At my lowest point, my Facebook newsfeed seemed to be a cacophony of grating voices, pulling me down, making me convinced that I was “missing out”.  Missing out on what, I couldn’t really say.  But what it does seem to do is make you so aware of everyone else’s lives that you find yourself comparing yourself with everyone else.  Sure, you may look at the girl in primary school who didn’t invite you to her 6th birthday party and feel a sense of smug satisfaction when you realise she’s divorced at the age of 22 with three kids, but it works both ways.  You can find out your ex is going out with a supermodel, or a friend that hurt you is in a great job and living the dream.  Either way, you’re spending so much time absorbed in the lives of other people that you forget about your own.

Of course, for many people, social media incites none of these feelings of inadequacy and insecurity and can even increase feelings of wellbeing, which is why I’m inclined to think that social media doesn’t induce depressive feelings .  I’ve used it in the past as a semi-masochistic way of justifying why I feel so rubbish instead of actually staying with my feelings, which seem too unbearable to sit and listen to.  It’s basically a way to misplace my frustrations and vulnerabilities.  Of course, seeing people you used to know doing well means you’re right to be unhappy!  And sometimes, it’s easier to be ‘right’ than happy.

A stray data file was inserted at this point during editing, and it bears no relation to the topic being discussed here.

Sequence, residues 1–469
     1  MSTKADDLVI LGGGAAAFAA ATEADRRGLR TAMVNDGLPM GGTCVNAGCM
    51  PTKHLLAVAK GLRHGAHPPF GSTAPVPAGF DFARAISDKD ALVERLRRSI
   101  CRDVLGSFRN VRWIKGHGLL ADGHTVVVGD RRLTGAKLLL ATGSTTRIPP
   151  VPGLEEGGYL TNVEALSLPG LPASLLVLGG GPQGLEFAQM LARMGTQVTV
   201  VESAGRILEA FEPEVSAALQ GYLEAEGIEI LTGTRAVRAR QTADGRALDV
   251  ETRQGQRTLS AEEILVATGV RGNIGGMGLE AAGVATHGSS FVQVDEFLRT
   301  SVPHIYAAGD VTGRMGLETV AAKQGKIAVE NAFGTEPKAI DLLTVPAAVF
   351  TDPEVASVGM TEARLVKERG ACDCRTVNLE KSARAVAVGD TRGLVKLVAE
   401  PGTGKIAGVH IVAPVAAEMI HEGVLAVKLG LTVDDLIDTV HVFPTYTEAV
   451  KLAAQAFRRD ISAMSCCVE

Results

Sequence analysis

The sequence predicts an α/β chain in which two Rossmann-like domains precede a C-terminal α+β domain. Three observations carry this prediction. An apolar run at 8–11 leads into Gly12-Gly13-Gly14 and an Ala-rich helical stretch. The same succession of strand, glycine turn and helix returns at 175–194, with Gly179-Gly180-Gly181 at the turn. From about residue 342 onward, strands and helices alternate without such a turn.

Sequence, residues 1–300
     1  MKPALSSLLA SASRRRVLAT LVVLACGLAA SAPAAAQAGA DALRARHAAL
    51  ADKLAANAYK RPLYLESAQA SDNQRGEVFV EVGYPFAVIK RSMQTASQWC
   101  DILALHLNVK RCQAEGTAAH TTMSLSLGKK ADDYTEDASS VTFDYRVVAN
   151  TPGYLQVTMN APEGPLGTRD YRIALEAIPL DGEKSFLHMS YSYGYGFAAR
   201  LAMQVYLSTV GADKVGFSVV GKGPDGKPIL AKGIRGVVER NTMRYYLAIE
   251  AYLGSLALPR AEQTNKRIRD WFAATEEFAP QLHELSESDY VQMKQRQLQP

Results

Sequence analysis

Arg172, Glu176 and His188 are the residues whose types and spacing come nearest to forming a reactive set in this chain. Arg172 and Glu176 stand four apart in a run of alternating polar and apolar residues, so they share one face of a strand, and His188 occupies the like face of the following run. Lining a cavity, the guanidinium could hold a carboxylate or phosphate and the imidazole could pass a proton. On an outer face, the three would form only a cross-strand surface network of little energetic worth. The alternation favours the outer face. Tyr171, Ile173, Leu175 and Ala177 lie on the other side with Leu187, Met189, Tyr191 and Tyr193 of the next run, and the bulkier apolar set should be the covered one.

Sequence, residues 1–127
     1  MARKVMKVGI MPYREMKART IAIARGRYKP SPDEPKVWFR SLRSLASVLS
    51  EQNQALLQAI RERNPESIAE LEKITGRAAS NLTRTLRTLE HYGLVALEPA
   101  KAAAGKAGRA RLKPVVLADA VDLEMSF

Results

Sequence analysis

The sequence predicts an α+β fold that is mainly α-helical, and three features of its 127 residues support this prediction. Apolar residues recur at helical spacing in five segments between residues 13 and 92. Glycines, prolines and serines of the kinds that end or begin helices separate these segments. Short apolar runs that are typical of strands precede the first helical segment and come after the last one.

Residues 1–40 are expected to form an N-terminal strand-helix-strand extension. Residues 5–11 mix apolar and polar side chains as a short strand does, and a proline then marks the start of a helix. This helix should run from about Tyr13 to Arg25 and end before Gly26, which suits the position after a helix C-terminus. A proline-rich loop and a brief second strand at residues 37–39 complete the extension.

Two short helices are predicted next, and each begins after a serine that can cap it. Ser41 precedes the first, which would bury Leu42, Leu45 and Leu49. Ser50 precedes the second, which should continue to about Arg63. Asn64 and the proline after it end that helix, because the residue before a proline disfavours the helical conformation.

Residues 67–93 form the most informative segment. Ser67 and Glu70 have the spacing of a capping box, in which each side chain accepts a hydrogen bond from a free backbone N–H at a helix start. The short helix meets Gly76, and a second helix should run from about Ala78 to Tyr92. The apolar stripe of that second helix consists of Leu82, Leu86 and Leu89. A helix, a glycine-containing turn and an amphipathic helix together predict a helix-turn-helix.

But what is incredibly important to keep in mind when engaging in social media is how little you can learn about someone by their profile page.  I used to think everyone’s lives were so much more fascinating than mine, oblivious to the fact that one’s social profile is entirely deliberate.  A carefully constructed manifestation of how we’d like to be perceived.

It took me a while to really understand that a photograph doesn’t convey a whole story but a tiny fragment of a bigger picture, and that tiny fragments can be entirely misleading.   It’s when you can’t understand it for what it really is that social media can have a devastating impact on your wellbeing; it can convince you that everyone is experiencing so much more and what you have can never feel enough.